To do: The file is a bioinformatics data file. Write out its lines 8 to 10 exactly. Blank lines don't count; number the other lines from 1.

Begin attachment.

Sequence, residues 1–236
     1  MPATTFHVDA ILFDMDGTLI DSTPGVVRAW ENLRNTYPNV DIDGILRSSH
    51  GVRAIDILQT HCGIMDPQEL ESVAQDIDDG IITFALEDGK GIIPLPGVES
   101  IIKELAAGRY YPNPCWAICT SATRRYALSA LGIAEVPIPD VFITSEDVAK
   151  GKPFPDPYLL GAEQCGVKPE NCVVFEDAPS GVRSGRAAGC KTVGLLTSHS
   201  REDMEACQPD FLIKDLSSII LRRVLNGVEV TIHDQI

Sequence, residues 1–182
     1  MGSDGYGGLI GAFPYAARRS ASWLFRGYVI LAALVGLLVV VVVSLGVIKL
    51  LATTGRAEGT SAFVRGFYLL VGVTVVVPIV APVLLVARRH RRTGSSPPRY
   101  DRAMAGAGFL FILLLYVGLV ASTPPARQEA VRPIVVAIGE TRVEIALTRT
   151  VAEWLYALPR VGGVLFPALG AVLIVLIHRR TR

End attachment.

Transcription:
     1  MGSDGYGGLI GAFPYAARRS ASWLFRGYVI LAALVGLLVV VVVSLGVIKL
    51  LATTGRAEGT SAFVRGFYLL VGVTVVVPIV APVLLVARRH RRTGSSPPRY
   101  DRAMAGAGFL FILLLYVGLV ASTPPARQEA VRPIVVAIGE TRVEIALTRT